By using this concept, similar to Bright Beginnings, Maslow Academy will do away with grade levels and rather, teach to a student's level of learning, which is not the same as their age or year in school, Gardner said.

As at Bright Beginnings, Maslow Academy students will advance to more advanced curriculum when they demonstrate the skills and abilities to do so, Simmons said.

“I like the concept of teaching to the individual,” said Karen Liotta, a parent and high-school level teacher for Colorado Virtual Academy.

The school will teach to core standards set by the Colorado Department of Education, will evaluate students using the Measures of Academic Progress assessments, as well as other methods, and each student will be taught by a certified and highly qualified teacher.

Class sizes will be capped at 18 students, with a co-teacher if a class size reaches more than 15 students.

Maslow Academy also will offer classes in physical education, music and art. Its curriculum will be taught using a wide range of material, mostly which will be electronic, Gardner said.

Last summer, Bright Beginnings expanded its facility to add classrooms and a cafeteria, as well as amenities such as an outdoor sensory garden and playground.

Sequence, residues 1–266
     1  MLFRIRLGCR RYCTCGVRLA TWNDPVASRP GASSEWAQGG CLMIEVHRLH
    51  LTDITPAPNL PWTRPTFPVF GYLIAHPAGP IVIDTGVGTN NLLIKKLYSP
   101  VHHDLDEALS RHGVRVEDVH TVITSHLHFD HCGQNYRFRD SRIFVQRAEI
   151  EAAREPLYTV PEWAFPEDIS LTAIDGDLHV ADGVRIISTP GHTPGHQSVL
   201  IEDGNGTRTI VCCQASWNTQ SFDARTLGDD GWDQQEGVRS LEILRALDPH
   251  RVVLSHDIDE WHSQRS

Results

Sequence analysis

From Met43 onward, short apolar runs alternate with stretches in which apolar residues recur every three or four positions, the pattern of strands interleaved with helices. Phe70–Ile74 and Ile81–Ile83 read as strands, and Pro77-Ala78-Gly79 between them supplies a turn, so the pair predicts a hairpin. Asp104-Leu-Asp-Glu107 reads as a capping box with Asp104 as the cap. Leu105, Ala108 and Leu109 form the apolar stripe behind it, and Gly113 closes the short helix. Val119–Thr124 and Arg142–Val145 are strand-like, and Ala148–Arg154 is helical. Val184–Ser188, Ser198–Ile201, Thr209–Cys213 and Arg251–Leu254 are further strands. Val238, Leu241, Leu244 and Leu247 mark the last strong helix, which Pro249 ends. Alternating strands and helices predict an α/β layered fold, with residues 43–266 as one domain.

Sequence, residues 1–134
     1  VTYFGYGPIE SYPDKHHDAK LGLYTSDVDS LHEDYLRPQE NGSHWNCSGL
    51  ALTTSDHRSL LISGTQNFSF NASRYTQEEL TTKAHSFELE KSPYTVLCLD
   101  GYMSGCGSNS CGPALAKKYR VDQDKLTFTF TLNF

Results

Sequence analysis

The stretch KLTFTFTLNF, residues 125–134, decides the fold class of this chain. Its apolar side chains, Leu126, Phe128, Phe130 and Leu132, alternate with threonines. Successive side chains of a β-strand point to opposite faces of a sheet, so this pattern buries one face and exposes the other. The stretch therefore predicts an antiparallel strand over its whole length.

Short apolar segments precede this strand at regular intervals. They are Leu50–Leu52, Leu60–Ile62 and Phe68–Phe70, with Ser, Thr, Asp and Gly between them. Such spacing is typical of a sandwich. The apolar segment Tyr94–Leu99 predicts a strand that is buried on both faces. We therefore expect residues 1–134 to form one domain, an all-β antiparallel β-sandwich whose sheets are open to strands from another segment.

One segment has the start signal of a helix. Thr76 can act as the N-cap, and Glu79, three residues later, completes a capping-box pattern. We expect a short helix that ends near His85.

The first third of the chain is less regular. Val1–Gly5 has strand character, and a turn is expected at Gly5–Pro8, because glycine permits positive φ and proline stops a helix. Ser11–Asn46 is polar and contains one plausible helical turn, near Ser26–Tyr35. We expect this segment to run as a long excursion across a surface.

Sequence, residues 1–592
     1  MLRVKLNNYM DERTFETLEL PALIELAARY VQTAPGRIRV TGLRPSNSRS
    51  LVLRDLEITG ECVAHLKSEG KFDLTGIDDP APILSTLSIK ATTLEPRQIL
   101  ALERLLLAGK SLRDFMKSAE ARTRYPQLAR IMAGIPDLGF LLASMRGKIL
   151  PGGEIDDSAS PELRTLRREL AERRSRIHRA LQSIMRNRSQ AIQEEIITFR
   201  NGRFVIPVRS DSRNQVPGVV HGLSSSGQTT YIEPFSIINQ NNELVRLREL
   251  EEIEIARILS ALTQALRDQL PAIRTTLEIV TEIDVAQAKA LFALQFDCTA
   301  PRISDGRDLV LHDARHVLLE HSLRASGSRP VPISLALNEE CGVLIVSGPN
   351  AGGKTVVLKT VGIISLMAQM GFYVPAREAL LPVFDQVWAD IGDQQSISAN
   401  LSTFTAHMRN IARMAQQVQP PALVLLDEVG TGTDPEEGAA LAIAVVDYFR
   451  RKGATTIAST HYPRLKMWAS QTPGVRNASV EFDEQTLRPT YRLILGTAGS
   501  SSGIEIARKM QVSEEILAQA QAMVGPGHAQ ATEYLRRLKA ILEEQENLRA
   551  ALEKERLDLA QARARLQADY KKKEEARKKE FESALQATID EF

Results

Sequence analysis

The first phase of Maslow Academy will start this spring and include two new classrooms with a shared bathroom facility.

The second and third phases of the project include six additional classrooms. These will be set apart from the first two classrooms because those will be used for art and music.

Gardner said she has secured the financing for the buildings, but is still soliciting money for other needs, including $16,000 for classroom and learning materials, $10,000 for technology (the school hopes to have an iPad lab), $15,000 to $25,000 for scholarships so that students can attendant regardless of their parents' income, and $15,000 for a playground.

The roofs of the additional classrooms face south and eventually, Gardner said, she wants to utilize solar energy.

The schools' board of directors is working toward obtaining nonprofit status, which will allow them to apply for more grants and present additional fundraising opportunities. Currently, the schools work with the Montrose Community Foundation and donations can be made there.

With plans to offer through fifth-grade standards and curriculum only, Gardner said there may be a partnership opportunity with Centennial Middle School. She said the school first approached her about the idea, as Centennial is exploring possible curriculum changes and may make a good school for Maslow students to feed into.

Centennial's leadership team continues to explore Maslow's model, as well as others, said Principal Nancy Alex.

“We are very much in the initial stage of looking at that model to see if it has a place, or if we can find it a place, in a traditional middle school setting,” she said. “We like the individual and standards-based approach.”

kohare@watchnewspapers.com